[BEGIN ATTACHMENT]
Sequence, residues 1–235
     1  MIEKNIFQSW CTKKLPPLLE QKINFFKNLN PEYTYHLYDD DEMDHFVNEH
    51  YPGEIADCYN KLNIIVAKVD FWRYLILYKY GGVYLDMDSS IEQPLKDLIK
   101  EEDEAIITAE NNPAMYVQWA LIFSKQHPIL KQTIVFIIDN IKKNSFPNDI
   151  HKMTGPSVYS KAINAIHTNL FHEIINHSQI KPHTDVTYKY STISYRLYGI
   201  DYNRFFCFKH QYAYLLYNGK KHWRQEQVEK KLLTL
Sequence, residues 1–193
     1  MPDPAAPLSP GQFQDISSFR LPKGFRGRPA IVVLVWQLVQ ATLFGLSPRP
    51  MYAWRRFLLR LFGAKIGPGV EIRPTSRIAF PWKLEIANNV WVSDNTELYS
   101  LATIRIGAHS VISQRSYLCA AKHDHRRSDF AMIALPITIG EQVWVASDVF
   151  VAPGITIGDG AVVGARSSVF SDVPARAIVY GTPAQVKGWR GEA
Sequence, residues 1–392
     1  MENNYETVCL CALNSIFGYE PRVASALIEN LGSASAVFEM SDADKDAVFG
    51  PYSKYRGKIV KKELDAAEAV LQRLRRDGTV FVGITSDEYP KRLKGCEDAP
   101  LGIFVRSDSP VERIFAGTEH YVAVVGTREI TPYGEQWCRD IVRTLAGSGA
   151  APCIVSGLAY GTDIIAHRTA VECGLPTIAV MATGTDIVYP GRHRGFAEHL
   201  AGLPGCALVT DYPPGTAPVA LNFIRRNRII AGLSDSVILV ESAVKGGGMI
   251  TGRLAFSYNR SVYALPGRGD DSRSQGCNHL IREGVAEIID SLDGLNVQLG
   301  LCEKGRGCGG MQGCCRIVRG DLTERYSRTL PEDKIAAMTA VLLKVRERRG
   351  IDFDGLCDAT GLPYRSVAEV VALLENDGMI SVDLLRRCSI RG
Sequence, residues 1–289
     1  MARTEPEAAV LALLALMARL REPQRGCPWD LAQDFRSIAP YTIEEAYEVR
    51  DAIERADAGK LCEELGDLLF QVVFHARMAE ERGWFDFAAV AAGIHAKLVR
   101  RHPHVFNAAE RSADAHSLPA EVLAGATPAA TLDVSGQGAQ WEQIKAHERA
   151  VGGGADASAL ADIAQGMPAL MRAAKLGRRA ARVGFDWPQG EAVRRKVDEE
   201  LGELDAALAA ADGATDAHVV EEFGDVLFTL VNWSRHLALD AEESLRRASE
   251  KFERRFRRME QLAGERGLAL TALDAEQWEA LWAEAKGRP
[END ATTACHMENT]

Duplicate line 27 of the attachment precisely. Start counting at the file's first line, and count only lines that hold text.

   251  KFERRFRRME QLAGERGLAL TALDAEQWEA LWAEAKGRP